Hunger (15)

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The Independent Culture

If you want a definition of "gruelling", here it is. Steve McQueen's account of the 1981 "dirty protest" by IRA inmates in Northern Ireland's infamous Maze Prison takes docu-realism to a level that's hard to watch, and to stomach.

It then horrifically surpasses it in depicting the starvation strike led by Bobby Sands that resulted in his death 66 days later. Those old enough to remember the news at the time will shudder to be reminded of it. What complicates one's responses to Hunger is the formalist presentation of the events, and the realisation that, as much of a work of art, it's also a work of martyrology. At first it looks to take an even-handed approach, dividing its perspective between a prison officer (Stuart Graham) and a terrified new inmate (Brian Milligan), both struggling to cope with the dehumanising effects of the Maze stand-off. But once the officer's story is brutally curtailed, the film transfers its focus almost entirely to the Republican viewpoint. At first you check your gag-reflex on seeing the shit-daubed cells; later, the carefully lit shot of a shaggy-headed prisoner against a brown wall assumes the look of a martyred saint in a mediaeval religious painting.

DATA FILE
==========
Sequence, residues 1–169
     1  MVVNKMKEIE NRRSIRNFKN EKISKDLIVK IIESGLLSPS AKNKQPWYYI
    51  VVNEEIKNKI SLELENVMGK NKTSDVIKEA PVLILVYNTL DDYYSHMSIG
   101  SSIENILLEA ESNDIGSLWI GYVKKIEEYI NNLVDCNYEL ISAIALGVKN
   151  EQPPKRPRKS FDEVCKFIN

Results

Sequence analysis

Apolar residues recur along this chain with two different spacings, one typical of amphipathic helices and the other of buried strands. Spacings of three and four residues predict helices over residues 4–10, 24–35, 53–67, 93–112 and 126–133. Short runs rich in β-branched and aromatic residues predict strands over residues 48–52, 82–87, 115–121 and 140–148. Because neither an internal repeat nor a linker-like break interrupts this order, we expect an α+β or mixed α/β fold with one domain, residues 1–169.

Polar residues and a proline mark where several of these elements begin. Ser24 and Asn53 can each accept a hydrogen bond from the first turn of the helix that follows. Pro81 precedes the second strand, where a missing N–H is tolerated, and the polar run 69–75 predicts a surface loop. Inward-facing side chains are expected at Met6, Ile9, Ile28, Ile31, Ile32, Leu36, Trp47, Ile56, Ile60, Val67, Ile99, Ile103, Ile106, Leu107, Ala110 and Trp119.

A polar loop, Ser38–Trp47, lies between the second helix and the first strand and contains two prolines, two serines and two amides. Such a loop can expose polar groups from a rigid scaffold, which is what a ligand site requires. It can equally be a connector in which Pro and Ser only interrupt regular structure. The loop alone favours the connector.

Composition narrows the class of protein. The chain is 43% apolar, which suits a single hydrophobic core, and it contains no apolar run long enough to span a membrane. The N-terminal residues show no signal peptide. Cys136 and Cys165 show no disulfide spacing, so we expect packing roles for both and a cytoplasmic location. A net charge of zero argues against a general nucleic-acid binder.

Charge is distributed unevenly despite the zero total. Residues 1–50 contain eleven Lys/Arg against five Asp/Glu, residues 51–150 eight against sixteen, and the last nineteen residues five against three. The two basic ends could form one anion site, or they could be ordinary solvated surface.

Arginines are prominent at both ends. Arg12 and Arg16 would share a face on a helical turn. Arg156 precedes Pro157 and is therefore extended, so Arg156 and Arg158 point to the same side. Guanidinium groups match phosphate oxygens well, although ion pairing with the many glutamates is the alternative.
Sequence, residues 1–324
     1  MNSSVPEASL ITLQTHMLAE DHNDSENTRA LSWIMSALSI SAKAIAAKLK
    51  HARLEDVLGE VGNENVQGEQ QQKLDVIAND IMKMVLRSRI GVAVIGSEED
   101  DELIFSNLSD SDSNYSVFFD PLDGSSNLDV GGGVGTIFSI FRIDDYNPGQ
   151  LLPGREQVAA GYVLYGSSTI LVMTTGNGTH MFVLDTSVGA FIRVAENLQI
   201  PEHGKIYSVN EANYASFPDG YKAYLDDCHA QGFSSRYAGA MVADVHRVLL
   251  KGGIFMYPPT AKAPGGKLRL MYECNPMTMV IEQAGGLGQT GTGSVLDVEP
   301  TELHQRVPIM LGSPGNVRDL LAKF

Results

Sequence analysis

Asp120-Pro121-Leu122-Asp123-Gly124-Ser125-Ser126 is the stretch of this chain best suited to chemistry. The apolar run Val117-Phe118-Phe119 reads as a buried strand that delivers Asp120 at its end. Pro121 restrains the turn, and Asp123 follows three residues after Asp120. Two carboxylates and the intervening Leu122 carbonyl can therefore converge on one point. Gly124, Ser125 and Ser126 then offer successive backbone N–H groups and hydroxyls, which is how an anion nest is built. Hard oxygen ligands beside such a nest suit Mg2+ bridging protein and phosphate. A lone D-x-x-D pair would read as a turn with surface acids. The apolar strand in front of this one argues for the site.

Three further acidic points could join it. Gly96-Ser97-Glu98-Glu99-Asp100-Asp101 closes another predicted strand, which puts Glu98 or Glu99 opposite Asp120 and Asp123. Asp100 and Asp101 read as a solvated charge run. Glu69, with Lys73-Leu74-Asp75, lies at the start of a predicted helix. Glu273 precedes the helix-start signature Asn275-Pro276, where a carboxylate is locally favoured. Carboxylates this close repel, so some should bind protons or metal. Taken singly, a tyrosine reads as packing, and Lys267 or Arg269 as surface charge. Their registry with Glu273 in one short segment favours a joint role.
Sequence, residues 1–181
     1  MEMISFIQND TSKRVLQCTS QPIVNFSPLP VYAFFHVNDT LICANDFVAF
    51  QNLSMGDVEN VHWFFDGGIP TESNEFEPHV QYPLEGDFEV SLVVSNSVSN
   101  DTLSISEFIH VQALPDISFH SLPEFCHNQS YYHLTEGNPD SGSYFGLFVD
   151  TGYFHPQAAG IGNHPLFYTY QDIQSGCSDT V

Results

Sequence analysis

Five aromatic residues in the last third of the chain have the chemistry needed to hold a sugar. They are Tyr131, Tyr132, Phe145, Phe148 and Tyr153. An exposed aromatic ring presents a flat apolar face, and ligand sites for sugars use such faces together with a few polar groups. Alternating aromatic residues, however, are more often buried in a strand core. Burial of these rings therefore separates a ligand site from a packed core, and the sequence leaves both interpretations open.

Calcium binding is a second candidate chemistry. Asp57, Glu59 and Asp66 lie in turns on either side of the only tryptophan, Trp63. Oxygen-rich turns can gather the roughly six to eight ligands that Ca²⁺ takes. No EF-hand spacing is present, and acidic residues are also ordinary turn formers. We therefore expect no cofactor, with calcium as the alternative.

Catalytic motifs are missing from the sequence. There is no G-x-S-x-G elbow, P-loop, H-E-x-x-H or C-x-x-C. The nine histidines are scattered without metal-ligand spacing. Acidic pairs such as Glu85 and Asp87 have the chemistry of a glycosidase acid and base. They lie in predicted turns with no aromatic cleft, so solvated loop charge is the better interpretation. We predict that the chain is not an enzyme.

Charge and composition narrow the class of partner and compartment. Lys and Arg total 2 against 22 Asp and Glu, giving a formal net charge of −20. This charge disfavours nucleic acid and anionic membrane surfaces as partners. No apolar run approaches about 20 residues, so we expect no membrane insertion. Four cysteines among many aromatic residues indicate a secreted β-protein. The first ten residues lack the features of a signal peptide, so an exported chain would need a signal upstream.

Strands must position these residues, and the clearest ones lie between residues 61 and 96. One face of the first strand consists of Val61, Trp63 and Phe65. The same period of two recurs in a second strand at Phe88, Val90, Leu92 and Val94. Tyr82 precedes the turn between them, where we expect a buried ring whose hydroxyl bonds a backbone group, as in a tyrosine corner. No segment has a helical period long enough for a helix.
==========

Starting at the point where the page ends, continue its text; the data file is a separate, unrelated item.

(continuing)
The haunting art references are intensified in the film's last third as Sands (Michael Fassbender – brilliant) begins his strike. At first the sores on his body call to mind the livid, meaty horror of a Francis Bacon; then his wasting figure summons the pathetic vulnerability of an Egon Schiele. The earlier long shot of a prison officer slowly mopping a corridor with disinfectant is mesmerising, but it hardly carries the same emotional impact. The film's middle panel – a static argument between Sands and a priest (Liam Cunningham) about the morality of killing oneself – breaks the visual spell, and feels pretty inadequate to the issues. It is impossible not to be affected by McQueen's film-making, and equally impossible not to be suspicious of it. It's moving, and maddening, no matter on which side of the argument your sympathies may lie.

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